It can detect when a scene changes and when text appears in a video, and can understand spoken words well enough to produce an audio transcript. It even uses sentimental analysis to identify particular emotions being expressed. All this has obvious appeal to anyone producing a large numbers of videos. Learn more about the tool in this blog post.
Just when we thought augmented reality was yesterday’s news, along came Pokemon Go and everyone got excited about it once more. And this summer, Apple got in on the act by releasing ARKit, a new framework that allows you to easily create AR experiences for iPhones and iPads running iOS 11.
You can check out some of the coolest stuff developers have built with it here.
Getting a little ahead of itself, Corel launched the 2018 version of its art software, Painter, this July. And the standout feature is a Thick Paint feature that lets you apply digital paint to your canvas in layers.
This new innovation is aimed squarely at artists from a traditional painting background, who want to pull, push, scrape and build up their pixelated paint in a way that’s very close to the real thing. Learn more about the new version of Corel Painter here.
16. CodePen Projects
Most web designers will know CodePen as a way to test, showcase and critique each other's code snippets. This year, though, it has expanded its appeal by launching its own IDE (Integrated Development Environment).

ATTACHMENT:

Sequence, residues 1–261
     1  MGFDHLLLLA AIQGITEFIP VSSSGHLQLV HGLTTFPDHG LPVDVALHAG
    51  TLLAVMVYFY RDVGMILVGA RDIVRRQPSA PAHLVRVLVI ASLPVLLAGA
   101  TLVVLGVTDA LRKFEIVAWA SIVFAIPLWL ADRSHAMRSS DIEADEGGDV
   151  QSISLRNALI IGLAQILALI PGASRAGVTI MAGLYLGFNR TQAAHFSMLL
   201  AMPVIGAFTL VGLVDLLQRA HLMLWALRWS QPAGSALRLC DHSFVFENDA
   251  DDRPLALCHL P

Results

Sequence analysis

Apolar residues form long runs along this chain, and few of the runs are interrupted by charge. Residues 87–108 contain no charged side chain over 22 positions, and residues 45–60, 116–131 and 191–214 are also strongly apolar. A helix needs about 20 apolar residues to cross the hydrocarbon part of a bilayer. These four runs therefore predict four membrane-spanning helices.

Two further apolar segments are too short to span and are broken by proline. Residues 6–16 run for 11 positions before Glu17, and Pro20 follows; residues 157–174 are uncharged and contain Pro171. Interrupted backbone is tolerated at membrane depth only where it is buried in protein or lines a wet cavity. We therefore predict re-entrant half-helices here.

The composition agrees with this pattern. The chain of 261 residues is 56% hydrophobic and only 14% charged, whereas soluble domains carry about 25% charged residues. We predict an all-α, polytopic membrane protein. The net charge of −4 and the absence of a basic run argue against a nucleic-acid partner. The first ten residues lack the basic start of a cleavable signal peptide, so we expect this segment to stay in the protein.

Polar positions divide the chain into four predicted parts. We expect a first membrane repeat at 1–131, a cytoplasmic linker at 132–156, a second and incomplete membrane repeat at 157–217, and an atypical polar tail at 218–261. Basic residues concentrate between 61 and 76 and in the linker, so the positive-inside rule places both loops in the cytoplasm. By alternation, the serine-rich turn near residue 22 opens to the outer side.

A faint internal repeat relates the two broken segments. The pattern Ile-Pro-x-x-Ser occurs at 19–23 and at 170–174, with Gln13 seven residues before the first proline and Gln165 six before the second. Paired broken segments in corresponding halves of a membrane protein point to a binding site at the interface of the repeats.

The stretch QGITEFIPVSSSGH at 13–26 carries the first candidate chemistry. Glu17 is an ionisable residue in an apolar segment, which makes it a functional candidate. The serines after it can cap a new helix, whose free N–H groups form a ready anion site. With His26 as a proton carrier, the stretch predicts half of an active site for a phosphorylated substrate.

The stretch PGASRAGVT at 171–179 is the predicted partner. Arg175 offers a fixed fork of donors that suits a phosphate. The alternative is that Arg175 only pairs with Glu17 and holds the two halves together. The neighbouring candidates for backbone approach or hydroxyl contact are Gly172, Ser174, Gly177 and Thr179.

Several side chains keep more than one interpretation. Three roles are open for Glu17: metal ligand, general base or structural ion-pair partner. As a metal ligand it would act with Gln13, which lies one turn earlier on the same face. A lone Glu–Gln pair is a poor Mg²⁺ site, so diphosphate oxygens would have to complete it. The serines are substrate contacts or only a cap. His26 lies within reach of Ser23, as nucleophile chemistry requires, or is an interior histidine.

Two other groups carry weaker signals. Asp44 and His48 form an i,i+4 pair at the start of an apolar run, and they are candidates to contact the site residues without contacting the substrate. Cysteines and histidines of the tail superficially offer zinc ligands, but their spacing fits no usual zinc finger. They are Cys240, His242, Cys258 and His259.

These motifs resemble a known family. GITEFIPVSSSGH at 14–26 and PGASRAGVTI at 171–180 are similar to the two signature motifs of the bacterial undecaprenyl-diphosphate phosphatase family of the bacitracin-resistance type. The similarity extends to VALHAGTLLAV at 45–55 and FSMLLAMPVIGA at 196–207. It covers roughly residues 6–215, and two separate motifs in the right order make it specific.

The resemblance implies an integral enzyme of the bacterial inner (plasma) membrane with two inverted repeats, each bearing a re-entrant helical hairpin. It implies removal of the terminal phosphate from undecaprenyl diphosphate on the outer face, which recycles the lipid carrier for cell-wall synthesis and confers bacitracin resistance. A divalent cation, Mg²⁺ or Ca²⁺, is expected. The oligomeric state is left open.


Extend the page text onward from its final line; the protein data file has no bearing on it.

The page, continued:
CodePen Projects lets you build websites within your browser and preview them while you’re building them. You can start from scratch or use templates, and there are some pretty smart debugging tools too. Read more about CodePen Projects in this blog post.
This October, Adobe released the latest big update to Photoshop CC, version 19. And the biggest news was the addition of a brand new tool to the software to make drawing curved lines easier.
Found under the Pen tool in the Tools panel, the Curvature Pen tool lets you to click to add points, and then automatically create curves between them. You can then push and pull segments of the curve to modify it. Learn how to use the new feature here.
18. Adobe Dimension
Initially launched in beta as ‘Project Felix’, Adobe Dimension is a new tool for 2D to 3D compositing. You can use it to create photorealistic comps with 2D and 3D assets, as well as applying 2D art to a 3D model. You can read more about how to use the new tool here.
Maxon, the maker of Cinema 4D, has spent the last few years working with Adobe to make the interoperability between their software suites more and more seamless for users. And this October they upped the ante with the release of Cineware for Illustrator.
This free plugin offers a new way to bring C4D assets into Adobe Illustrator, and easily combine 2D and 3D graphics in a similar way to Adobe Dimension (above). Read more about the plugin in our article about it.
20. InVision Studio
Over the last year or so, InVision has become well established as a web- and app-prototyping platform, and now for January 2018, it’s upping the ante by launching its own Photoshop alternative, InVision Studio.
This tool will seamlessly fit into the InVision environment and mean you no longer have to design your UI visuals in one app and import them into another. We’ve not seen the tool in action yet, but InVision seems pretty confident, calling it “The world's most powerful screen design tool”. We can’t wait to see it in action.